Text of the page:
Every week, host Adam Sockel interviews a popular member of the literary world about their passions beyond what they're known for. These longform, relaxed conversations show listeners a new side of some of their favorite content creators as well as provide insight into the things that inspire their work.
They grow up so fast with Kerri Maher, author of The Paris Bookseller
Kerri Maher is a bestselling author and mom to a newly minted teenager. In this chat, we discuss the experiences she's had raising her daughter, taking her to Paris, and her new book All You Have to Do Is Call, an essential read about the Jane Collective and women's rights.
You are listening to Passions & Prologues, a literary podcast. For each week, I interview an author about a thing they love and how it inspires their work. I'm your host, Adam Sockel, and today's guest is Kerri Maher, author of the just released, All You Have to Do Is Call. You may recognize Kerri's name as the bestselling author of The Paris Bookseller as well.
All You Have to Do Is Call is a really, really powerful and important book. It is set in Chicago in the early 1970s, and it is all about Jane, which is an underground women's health organization composed entirely of women helping women.
This is a real thing that actually was created, and in this time of people inexplicably continuing to think that they control the rights that women should have and the decisions they can make. This book is just extremely important as a reminder of the places that our country has been and the places that our country may be going.
And it's a really, really important book about women's reproductive rights, women's rights in general. And I just love, love, loved the book, and I love this discussion. Kerri the time of the recording, which was last week, was celebrating her one and only child's 13th birthday.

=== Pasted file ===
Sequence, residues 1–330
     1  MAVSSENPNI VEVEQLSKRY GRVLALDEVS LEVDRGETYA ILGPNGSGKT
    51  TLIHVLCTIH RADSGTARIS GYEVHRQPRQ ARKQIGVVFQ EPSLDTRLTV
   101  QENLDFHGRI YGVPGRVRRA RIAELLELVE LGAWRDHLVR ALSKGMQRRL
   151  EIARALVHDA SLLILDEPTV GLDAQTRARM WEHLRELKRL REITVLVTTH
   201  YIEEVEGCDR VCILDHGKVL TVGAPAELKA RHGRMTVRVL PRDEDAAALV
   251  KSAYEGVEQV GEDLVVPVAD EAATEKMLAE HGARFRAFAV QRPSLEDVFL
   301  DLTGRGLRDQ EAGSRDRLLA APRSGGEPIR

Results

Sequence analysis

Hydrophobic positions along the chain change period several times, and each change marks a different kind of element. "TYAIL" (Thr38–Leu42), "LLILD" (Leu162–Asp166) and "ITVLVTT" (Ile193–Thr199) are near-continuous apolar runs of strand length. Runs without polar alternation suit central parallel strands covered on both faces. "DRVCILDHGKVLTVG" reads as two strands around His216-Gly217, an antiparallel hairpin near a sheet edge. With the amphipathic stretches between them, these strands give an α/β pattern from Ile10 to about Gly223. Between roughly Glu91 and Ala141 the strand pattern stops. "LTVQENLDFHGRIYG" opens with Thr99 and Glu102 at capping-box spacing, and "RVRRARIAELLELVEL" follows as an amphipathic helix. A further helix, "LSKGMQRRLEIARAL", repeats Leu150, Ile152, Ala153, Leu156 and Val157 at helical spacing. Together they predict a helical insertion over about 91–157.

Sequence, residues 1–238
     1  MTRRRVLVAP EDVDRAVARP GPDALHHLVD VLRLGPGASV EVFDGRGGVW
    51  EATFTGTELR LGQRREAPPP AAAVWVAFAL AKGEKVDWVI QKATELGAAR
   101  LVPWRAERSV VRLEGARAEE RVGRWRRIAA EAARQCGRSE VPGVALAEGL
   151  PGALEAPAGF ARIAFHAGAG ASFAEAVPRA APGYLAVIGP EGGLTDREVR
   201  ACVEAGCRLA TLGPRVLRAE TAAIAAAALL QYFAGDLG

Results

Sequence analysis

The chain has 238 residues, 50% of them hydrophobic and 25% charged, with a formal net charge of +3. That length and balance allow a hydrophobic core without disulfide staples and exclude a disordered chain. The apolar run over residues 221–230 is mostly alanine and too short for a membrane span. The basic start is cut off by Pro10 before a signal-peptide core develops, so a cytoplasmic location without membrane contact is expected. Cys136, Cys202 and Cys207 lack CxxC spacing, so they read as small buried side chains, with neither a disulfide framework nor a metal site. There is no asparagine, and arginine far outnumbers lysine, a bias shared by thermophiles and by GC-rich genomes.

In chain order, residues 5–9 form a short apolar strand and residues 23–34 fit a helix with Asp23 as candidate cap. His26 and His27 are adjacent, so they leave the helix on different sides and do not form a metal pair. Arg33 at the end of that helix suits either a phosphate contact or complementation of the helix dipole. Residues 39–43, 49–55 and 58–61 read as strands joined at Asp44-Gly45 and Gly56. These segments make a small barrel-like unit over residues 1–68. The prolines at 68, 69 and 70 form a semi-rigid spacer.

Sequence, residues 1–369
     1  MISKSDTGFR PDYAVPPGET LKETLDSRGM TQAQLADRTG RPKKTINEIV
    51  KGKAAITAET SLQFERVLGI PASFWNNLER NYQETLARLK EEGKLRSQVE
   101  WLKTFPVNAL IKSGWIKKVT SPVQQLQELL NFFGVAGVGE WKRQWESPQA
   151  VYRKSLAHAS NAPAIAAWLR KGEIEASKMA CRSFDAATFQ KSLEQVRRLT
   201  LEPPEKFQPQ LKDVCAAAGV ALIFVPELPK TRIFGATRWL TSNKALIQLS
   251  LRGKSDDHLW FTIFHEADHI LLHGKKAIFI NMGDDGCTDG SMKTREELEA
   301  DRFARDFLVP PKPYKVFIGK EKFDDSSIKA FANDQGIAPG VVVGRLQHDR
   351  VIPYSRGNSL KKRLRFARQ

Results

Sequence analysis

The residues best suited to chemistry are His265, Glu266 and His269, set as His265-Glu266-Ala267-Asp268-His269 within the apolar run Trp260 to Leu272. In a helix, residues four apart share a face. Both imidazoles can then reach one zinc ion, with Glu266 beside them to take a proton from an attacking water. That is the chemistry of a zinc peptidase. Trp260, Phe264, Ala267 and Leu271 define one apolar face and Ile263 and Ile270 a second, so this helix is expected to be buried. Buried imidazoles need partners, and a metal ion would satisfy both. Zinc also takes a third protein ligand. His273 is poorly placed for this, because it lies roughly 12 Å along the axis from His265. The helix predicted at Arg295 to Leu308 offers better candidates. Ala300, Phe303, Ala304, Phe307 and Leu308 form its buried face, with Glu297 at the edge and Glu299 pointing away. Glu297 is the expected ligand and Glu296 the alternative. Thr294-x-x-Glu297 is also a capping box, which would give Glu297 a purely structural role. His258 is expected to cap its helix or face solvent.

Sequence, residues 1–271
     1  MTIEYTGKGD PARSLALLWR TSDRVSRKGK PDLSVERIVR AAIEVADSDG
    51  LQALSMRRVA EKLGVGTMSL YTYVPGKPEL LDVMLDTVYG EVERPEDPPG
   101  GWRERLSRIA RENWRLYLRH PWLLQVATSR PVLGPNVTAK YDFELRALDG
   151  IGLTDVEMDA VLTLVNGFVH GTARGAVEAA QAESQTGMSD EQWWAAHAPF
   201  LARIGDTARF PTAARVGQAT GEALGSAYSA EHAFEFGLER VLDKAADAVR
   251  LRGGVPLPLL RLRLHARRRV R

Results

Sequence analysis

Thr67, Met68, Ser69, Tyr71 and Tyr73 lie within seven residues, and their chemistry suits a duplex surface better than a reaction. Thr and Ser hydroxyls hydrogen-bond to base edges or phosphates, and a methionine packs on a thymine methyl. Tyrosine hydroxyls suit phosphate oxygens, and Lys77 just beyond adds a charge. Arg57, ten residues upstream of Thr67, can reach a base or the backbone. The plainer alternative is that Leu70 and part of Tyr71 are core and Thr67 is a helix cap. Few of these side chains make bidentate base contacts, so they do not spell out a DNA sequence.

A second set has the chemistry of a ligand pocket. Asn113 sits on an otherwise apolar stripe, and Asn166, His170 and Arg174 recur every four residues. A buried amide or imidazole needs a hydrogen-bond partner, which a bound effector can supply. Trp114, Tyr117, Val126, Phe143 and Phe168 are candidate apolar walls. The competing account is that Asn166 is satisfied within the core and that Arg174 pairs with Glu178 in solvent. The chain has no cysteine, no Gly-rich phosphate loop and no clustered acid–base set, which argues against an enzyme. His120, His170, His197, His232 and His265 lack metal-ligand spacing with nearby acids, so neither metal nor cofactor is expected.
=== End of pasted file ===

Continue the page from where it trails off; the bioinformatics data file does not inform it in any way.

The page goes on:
So, we got into a really interesting discussion about her raising her child and just the myriad things that happens through the first 13 years of raising a kid.
We talked a lot about my nieces and nephews, talked about emotions, the things that kids go through in the first growing stages of their lives, and just so many really interesting things that we all go through, whether we have children or not, because every single one of us has been a teenager.
Really loved the conversation, really loved the wide-ranging aspects of it. Again, she is the author of the bestselling, The Paris Bookseller and she had a chance to take her daughter to Paris. And so, that was a really fun aspect of the conversation as well. I was there earlier this year, so we got to share some “war stories” about our various trips to Paris.
Just a really wonderful conversation. I really think you're going to enjoy it, and All You Have to Do Is Call, it's not only an extremely important book, it's an extremely wonderfully, well-written book, so I think you're going to love that. And it just came out so you can go get it right now after you listen to this episode.
If you're looking for another book that I am absolutely devouring right now, I am currently enjoying The Sunset Years of Agnes Sharp. This has big, big, big, like Hercule Poirot energy, very Agatha Christie. It's the story of a quirky group of seniors who attempt to solve one murder while covering up another.
They all live in this one single house, and the book opens with a mystery of a murder that has happened in their house, don't really know what's going on, but then another one takes place in their circle of friends, and then all of a sudden, they are left scampering from place to place trying to figure out what's going on.